From The Navy in Mesopotamia
by Conrad Cato
Published in 1917
"The voyage of the Julnar was never anything more than a forlorn hope. She was a twin-screw steamer and faster than most of the river craft, and if any vessel at all could slip through the blockade she was that vessel. In order to gauge her chances we must appreciate the nature of the task in front of her.
First of all, she had to face the ordinary difficulties of navigation - a winding river with hairpins and occasional shoals, which even in the flood season were capable of pulling up a heavily-laden vessel. Secondly, she had to face these difficulties in the dark, for to make the attempt by daylight was, of course, out of the question. Thirdly, she had to run the gauntlet of the Turkish guns on both banks from Annaiyat to Kut - a distance of over twenty miles by river - to say nothing of a possible fusillade by rifles and machine guns. Fourthly, there was the possibility that the Turks might have sown a minefield, or, what was more probable, have stretched a wire hawser or some obstruction across the river, in anticipation of the attempt being made.
Aeroplane reconnaissance was made, and the airmen reported that they could see no signs of minefields or obstructions, but the waters of the Tigris are muddy and it was more than possible that objects beneath the surface would escape detection. Turkish prisoners, however, were unanimous in declaring that no obstructions had been prepared. This information, however, if it could be relied on, only served to emphasise the first two difficulties - the negotiation of the sharp bends in the river and the ticklish job of navigating in the dark. The Admiral himself said that he had very little hope of the success of the undertaking, for the odds against it were too great.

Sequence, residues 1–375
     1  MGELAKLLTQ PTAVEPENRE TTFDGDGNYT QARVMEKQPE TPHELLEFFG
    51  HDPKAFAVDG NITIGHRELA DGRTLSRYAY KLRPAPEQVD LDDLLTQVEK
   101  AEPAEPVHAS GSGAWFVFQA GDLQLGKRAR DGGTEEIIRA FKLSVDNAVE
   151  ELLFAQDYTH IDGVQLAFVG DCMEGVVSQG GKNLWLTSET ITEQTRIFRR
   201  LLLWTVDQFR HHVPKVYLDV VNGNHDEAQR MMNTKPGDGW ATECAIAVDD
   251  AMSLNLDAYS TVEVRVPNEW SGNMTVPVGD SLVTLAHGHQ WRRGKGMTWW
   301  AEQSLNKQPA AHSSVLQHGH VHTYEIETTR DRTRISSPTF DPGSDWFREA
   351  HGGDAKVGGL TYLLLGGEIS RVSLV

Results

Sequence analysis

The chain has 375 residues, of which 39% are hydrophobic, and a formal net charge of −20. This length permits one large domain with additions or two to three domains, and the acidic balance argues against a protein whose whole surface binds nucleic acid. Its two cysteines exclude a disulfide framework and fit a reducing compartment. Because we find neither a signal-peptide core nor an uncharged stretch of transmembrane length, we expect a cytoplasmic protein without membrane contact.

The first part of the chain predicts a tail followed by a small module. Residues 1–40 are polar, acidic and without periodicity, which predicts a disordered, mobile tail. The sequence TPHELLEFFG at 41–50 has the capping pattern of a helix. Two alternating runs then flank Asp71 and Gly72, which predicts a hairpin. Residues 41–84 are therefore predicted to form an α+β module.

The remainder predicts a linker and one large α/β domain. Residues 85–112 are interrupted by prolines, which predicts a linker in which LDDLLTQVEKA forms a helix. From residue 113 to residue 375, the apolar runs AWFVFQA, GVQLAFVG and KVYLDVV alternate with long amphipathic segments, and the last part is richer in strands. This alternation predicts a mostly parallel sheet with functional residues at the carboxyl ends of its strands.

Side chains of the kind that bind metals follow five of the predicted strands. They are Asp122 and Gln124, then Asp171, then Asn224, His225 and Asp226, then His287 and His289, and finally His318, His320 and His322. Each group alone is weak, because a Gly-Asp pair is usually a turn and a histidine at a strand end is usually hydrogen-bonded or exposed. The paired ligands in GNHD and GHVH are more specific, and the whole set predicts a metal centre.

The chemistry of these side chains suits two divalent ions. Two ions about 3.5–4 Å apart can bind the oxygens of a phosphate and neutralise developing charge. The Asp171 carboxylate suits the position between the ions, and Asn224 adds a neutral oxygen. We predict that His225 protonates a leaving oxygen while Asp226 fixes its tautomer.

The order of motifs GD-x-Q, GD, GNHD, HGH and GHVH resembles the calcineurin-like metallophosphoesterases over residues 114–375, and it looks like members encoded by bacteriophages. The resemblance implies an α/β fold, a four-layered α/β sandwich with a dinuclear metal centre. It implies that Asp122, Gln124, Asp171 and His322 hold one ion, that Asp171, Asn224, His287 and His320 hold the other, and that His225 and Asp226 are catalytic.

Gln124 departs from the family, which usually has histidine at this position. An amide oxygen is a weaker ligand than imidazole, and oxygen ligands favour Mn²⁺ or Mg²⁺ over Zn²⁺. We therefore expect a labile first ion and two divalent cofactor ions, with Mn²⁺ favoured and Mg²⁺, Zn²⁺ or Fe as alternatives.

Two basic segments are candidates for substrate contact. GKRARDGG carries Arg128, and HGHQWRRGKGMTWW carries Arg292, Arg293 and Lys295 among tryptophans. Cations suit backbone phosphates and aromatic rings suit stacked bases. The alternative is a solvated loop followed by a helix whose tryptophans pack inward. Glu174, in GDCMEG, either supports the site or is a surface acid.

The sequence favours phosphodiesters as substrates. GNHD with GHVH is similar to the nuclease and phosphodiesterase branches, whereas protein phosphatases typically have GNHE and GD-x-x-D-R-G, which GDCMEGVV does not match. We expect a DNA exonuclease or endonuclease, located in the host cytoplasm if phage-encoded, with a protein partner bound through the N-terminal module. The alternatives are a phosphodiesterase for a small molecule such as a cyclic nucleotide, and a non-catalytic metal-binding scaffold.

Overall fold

A journey to Kut by a naval vessel had been suggested some weeks previously by a member of the Army Commander's Staff and debated at the highest level of the Army and Navy in Mesopotamia and was at first considered to be out of the question. But the beleaguered garrison was, by now, nearing the end of its tether. The fate of some 900 officers and men as in the balance and the Army had appealed to the Navy for help. The appeal was not made in vain. The Admiral sent out private letters to the officers of the Mesopotamia squadron asking for volunteers for the command of the Julnar. There was no need to point out to them the dangers of the enterprise, or the slender hopes upon which the mission finally had been sanctioned.
Most of the officers went in their names and the Admiral's next problem was that if making the selection. His choice fell upon Lieutenant Humphrey O B Firman, RN and to support him, Lieutenant Commander Charles H Cowley, RNVR was chosen; his intimate knowledge of the river gained in the service of Messrs Lynch Brothers who ran the steamer tours that attracted thousands to the region in times of peace. Mr Reed, another of their employees, volunteered to accompany the expedition and was given a temporary commission as an Engineer Sub-Lieutenant. The crew consisted of one engine-room artificer, one leading stoker, three stokers, one leading seaman and six able seamen - all were volunteers drawn from the gunboat flotilla.. The Admiral said of them: "They are under no misapprehension as to the dangers they will run."